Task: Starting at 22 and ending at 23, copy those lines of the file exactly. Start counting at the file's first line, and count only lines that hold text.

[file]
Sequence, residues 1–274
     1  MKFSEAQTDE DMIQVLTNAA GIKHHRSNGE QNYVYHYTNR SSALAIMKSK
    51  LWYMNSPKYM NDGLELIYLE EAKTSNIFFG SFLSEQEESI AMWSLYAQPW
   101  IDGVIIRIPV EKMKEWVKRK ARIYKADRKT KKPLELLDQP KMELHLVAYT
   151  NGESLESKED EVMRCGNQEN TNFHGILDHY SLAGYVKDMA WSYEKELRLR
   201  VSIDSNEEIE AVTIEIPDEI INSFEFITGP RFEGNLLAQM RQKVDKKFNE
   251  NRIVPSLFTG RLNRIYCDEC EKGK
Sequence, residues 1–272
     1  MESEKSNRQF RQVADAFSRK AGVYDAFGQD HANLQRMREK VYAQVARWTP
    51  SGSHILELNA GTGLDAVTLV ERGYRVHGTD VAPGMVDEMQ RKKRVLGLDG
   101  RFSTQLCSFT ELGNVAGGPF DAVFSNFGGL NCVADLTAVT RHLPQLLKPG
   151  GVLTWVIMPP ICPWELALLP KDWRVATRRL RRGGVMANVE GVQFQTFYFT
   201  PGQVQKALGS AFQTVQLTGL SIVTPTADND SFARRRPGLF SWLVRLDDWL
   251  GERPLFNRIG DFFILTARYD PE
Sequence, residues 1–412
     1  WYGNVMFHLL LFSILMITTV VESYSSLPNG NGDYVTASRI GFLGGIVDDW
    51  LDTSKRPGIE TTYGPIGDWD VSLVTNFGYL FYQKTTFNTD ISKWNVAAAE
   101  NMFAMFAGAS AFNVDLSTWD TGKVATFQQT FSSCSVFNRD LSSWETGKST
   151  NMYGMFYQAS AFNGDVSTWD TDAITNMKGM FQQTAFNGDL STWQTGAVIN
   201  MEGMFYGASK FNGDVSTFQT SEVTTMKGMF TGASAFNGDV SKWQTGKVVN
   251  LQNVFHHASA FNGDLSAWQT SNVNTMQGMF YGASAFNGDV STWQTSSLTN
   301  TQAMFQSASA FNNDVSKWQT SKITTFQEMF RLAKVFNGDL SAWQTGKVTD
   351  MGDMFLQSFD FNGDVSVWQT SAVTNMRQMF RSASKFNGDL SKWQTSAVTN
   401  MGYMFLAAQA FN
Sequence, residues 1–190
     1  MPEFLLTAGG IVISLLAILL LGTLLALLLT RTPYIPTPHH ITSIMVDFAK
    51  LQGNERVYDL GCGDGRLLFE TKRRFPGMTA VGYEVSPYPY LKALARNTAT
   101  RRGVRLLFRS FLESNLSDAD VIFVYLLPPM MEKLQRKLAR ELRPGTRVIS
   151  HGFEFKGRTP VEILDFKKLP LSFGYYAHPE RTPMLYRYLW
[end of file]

   301  TQAMFQSASA FNNDVSKWQT SKITTFQEMF RLAKVFNGDL SAWQTGKVTD
   351  MGDMFLQSFD FNGDVSVWQT SAVTNMRQMF RSASKFNGDL SKWQTSAVTN